'Distracted Doctoring?' Lord, Love a Livid Duck. How Imbecilic Can Medicine Possibly Get?
Just how off-the-chart juvenile are "professional" care providers getting? Well, you tell us:
The Paramedic Heretic happens to believe that Americans have a right to expect courteous, adult-level behavior by physicians, whether the patients happen to be awake or not.
We find the thousands of cases of medical misbehavior profoundly disturbing, And when they happen in the surgical suites they are downright insulting to an honorable profession. This medical misbehavior now has a nifty new name: “distracted doctoring.”
Yorkville Endoscopy - Now Closed for Business
Experts in the electronic version of medical misbehavior say, “If they’re texting, tweeting, or reading -they’re not paying attention.”
Here are 3 such cases:
The Case of the Selfish “Selfie”
The death during a routine operation on comedienne Joan Rivers showcased a stunning lapse in common sense, as one of her physicians was found to have been taking cell phone snapshots during the procedure.
Medical staff at Manhattan's Yorkville Endoscopy, told investigators looking into the death of Rivers, age 81, that, “Doctor Korovin was taking selfies with the unconscious Rivers with her personal phone. She was under anesthesia at this point. Everyone in the operating room was stunned. They'd never witnessed anyone do that before.”
The Case of the Secret Medical Recording:
A colonoscopy patient accidentally left his cellphone on “record” after taping instructions from his doctor. The result was that his phone, folded in his clothing nearby, recorded an entire conversation among his colonoscopy team. What the surgeon said went beyond insulting. During the procedure the team of 3 joked in a highly personal manner about the naked patient. When he heard the recording later, the patient was humiliated, and sued the clinic. The jurors who listened to the offensive recording in court, were as stunned as the judge. They awarded the patient $500,000.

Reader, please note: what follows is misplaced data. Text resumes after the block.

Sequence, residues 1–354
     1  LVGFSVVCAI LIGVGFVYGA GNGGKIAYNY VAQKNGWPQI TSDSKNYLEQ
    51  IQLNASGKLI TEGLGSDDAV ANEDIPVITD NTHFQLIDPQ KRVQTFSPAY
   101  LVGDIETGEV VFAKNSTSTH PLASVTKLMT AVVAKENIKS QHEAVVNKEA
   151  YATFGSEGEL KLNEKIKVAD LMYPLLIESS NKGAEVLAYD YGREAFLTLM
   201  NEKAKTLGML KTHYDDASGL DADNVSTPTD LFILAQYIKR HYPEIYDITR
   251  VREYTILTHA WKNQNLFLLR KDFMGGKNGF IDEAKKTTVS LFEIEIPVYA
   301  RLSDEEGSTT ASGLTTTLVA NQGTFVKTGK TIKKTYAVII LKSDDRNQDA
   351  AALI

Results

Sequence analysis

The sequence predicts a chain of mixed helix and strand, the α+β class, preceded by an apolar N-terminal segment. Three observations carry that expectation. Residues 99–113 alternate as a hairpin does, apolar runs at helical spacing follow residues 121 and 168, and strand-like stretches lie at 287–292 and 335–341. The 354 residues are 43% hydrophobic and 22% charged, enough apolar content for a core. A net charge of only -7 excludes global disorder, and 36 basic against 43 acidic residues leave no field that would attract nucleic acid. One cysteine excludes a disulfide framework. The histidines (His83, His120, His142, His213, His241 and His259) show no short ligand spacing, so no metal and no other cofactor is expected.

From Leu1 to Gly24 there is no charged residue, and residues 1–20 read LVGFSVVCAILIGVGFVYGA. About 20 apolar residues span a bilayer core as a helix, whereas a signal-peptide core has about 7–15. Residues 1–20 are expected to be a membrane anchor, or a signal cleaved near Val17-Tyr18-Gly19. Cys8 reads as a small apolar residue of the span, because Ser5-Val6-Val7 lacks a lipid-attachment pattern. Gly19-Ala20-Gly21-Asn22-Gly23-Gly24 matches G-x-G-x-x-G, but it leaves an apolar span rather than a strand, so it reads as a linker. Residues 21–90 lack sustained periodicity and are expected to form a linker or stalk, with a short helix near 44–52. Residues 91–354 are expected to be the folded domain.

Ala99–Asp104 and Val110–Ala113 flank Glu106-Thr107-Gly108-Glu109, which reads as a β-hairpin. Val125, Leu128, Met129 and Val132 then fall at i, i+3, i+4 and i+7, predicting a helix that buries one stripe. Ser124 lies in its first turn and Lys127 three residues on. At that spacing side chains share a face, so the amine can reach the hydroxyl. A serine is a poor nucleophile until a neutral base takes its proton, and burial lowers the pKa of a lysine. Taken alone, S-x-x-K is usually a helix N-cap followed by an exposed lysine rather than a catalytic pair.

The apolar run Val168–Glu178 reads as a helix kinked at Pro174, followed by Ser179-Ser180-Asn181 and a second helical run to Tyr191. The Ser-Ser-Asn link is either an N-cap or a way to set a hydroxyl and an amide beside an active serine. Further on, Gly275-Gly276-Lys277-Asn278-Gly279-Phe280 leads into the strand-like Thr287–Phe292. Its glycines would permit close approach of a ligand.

You can listen to the recording yourself and hear the misbehaving medical team.
The Case of the Social Network Nitwit:
In the death in Texas of a 61-year-old woman, who died during a low-risk heart procedure, police discovered that the anesthesiologist had been on his iPad through the duration of the procedure for more than 30 minutes after she turned blue from receiving no oxygen.
The doctor later confessed that he routinely read e-books and surfed websites during operations, when he was supposed to be monitoring pulse oxygen levels and checking blood pressure, The patient went brain-dead as he was busy playing with his plastic toy behind the surgical drapes.
We believe it's time for 'zero tolerance' of all the childlike medical shenanigans. It is beyond time to ban social media capability by medical staff in patient care areas and start spanking a few degreed butts.
We are not alone in our outcry. Doctor Peter Papadakos, an anesthesiologist with the University of Rochester, says this: “It is a problem in operating rooms and emergency rooms alike: Nurses, technicians, and physicians glued to Smartphones, tablets, and even laptops instead of patients.”
We kind of liked it back in simpler times, when a little loud music - say, the Eagles "Hotel California" - kept the patient care tedium to a minimum.